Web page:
Junctions design and average speed

Bremen is my German study location, and when visiting this quite wonderful city in August last year, I was lucky enough to become part of a technical experiment. Film maker Richard Grassick was eager to trial his new equipment including a gimbal – oh yes. The gimbal was smoothing our ride, which Richard otherwise filmed using a GoPro camera. We were cycling up and down and around the city. On my last day before heading back to Newcastle, I had cycled out to the university campus in the North (I reported on the good and bad), carried on beyond the ring road before looping back southwards. On my return Richard met up with me near the campus and, together, we cycled back to the centre (via Wachmannstraße and Contrescarpe).

The footage currently comes in very handy indeed for my interviews – I have started my pilot studies just this week. For me, the start of the interviews deserved a big fat mark in my diary – a massive milestone has been passed. But the footage also got me thinking about comfort (yes, infrastructure, infrastructure, infrastructure) and convenience (such as time competitiveness with other modes) again. From the footage it was easy to extract waiting times at junctions… so here are some stats valid for this particular trip Richard and I made in August 2015

Distance cycled: 5.01 km

Time cycled: 24 min

Time waited at junctions (speed = 0): 4 mins

From that it can be calculated that

Average journey speed: 12.6 km/h

Average journey speed without waiting (max potential): 15.1 km/h

That would mean that the trip time could be cut by 16% (that’s the percentage that was spent on waiting) which would increase the average speed from 12.6 to 15.1 km/h.

From my observation and watching the footage again, some junctions were better than others: the encountered waiting time was acceptable at some junctions or simply because priority had already been given to the direction we were travelling in. Worth mentioning is one of the biggest and most complex junctions on the stretch (roundabout with a tram ‘hamburger’) called Am Stern (at the star) where the waiting time was negligible (due to no conflict with tram route) – Richard previously filmed the roundabout here if you are into tram hamburgers or simply like to get an impression of the junction design.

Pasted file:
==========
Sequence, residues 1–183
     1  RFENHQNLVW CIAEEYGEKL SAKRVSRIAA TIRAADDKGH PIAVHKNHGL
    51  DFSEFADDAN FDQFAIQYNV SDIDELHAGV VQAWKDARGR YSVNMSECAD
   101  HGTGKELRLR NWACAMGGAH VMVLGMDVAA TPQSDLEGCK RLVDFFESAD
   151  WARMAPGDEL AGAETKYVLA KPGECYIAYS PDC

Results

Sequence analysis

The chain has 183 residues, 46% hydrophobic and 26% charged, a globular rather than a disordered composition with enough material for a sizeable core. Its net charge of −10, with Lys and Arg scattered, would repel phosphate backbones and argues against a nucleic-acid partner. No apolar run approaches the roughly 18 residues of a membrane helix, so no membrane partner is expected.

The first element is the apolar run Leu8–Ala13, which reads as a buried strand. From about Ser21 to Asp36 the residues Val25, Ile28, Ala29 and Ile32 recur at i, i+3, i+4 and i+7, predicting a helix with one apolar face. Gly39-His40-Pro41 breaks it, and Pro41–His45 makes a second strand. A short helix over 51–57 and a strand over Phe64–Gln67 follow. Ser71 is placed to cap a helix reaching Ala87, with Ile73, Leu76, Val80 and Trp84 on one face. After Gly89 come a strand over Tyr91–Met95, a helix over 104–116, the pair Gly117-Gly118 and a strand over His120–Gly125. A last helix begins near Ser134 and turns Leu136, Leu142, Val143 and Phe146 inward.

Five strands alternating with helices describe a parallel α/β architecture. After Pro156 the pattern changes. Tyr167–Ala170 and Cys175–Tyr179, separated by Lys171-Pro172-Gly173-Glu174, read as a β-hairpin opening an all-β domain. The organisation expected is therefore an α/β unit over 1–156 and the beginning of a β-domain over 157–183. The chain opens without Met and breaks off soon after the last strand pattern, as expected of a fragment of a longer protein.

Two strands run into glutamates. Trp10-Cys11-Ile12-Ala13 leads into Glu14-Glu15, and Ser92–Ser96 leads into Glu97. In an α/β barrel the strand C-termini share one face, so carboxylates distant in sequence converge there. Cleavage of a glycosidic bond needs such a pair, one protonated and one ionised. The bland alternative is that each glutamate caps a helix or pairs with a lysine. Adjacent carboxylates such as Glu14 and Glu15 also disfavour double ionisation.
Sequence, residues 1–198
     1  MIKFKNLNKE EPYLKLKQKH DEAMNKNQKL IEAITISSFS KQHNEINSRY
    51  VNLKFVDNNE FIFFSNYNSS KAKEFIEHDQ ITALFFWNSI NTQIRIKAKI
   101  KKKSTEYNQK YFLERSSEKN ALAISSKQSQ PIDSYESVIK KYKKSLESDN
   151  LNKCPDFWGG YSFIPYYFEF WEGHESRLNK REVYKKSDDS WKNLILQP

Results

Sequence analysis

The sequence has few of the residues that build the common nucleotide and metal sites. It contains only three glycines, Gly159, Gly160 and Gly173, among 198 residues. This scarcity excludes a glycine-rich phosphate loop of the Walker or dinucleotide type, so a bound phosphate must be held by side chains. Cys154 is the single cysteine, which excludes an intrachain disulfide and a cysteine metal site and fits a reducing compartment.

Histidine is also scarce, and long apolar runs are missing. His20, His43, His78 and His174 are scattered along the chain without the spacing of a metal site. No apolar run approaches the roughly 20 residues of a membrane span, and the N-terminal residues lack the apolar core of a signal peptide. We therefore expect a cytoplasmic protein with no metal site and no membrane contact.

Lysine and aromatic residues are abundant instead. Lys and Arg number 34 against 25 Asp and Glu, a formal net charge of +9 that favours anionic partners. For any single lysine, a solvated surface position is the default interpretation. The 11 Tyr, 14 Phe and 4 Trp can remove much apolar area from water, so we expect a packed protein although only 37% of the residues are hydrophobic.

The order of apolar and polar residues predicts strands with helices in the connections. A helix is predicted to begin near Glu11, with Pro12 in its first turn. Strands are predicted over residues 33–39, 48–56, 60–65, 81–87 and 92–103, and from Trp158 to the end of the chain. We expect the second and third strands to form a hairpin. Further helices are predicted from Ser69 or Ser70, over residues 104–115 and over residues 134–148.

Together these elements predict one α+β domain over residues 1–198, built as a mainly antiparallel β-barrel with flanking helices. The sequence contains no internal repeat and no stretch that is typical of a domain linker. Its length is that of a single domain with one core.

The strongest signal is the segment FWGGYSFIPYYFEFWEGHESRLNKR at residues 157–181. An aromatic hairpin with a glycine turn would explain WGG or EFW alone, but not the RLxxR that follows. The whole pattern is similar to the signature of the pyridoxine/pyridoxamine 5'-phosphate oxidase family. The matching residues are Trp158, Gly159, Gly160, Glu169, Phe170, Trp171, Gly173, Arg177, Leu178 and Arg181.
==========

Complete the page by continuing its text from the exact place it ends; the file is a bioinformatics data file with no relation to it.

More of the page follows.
As for my general style of cycling? I prefer a relaxed speed, I’d say, continental style. The footage shows that for about 1.5 miles I cycled alongside a woman with a kid in her trailer. We were going at roughly the same speed. I should add, that I would perhaps take regular journeys (commutes…) faster. But after all, on that day in Bremen, I wasn’t on a particular schedule, deadline or ETA. I would maintain however that the road environment and infrastructure greatly determines the cycling style you adopt. I noticed that on links (in between junctions) I cycle much more hurriedly in the UK (no cycle infrastructure to speak of, particularly not along main roads). This is to reduce my differential speed with motor traffic as well as the time spent in motor traffic. (I am not alone in that. Several studies have shown, not surprisingly, that people do not like to mix with motor traffic, and protection and separation on main roads is key to mass cycling.)

If you could start to think about comfort and convenience for cycled journeys we would afford a similar rigour to the one we currently give to driving, through technical practices like ‘smooth flow’ modelling and junction capacity assessments. We would design for optimum speeds and minimum waiting times, reduce number of stops and we would smoothen the speed envelope. Much energy is lost for cyclists on re-starts.

But we aren’t there yet. Not even in Bremen (which is Germany’s city over 500.000 inhabitants with the highest cycle share at 25%). Designing for an overall journey experience by using parameters and data and take a much fuller account of the cycling experience along the route is a long way off still.


3 thoughts on “Junctions design and average speed

  1. It would be interesting to have a comparison of delay for each of the transport modes along the route, are some given more priority than others? It is common for trams and trains to have highest priority, but beyond that it varies widely around the world.


  2. On this route only the tram and buses get priority when they approach the roundabout “Stern”. And cyclists have priority over cars at the “Stern” exits. In Germany it is also common that cyclists and pedestrians have green lights with cars of the same direction at junctions with traffic lights, so of course drivers have to stop for cyclists and pedestrians when they turn left or right. (Which legally they should do in The UK as well but simply don’t.)


  3. Would there be much value in cycle commuters documenting their wait times at junctions for the benefit of road designers?

    There’s a particular two-stage crossing on the CS3 near Westferry that I use twice daily that feels in need of a change in the light sequence. It’s common to wait for 30 seconds at a red light without seeing a single car go past, and then do it again for the second half of the road. It’s rare to wait that long without seeing another cyclist go through the red light.

    I think a tunnel would work well here since the land on the south side is already two metres lower than the north side, but they’re expensive so the CBA would have to be pretty solid to justify it. How much cost do 2,000 cyclists per day waiting an average of 120 seconds (30 seconds at each stage in both morning and evening) account for in a CBA? And does this change if their actual behaviour is to ignore the red light instead of waiting?


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